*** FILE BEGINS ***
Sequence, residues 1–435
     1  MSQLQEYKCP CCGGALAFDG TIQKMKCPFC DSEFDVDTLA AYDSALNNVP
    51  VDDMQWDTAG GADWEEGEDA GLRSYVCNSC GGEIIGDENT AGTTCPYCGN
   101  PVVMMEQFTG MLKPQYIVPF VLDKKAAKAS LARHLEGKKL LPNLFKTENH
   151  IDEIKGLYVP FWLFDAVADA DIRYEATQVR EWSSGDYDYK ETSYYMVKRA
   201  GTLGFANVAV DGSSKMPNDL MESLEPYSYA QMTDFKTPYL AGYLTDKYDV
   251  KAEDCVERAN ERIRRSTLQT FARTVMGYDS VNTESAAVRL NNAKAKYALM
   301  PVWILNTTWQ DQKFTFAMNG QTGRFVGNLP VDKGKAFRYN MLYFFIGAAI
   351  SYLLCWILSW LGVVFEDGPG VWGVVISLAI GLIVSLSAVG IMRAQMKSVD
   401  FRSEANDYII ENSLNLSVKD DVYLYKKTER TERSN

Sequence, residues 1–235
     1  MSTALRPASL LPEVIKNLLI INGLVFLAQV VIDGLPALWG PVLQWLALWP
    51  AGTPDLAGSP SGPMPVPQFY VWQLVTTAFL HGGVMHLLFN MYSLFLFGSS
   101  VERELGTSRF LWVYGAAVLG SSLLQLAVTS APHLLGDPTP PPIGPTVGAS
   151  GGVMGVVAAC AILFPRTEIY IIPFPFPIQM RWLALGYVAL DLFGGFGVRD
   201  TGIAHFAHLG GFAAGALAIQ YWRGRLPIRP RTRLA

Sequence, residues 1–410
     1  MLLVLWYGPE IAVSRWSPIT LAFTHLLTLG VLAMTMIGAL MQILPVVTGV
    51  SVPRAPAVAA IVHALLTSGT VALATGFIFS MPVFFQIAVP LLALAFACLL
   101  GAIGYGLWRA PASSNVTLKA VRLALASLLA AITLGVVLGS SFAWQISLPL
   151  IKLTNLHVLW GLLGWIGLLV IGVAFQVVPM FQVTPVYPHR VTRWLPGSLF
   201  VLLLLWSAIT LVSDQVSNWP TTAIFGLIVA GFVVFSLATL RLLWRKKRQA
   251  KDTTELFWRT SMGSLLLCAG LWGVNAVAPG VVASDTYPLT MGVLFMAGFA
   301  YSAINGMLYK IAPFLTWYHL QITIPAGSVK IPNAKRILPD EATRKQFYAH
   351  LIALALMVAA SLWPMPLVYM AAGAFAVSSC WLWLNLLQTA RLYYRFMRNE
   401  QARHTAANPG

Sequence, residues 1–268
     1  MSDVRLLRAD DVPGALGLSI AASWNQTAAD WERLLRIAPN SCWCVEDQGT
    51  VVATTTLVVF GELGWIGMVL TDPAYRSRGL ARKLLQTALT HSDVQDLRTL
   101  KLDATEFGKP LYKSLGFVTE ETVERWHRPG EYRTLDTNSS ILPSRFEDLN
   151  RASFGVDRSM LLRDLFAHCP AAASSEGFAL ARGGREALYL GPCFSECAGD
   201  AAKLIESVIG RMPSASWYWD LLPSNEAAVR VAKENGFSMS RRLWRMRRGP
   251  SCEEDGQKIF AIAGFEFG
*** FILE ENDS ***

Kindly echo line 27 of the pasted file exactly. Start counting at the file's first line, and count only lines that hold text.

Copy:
Sequence, residues 1–268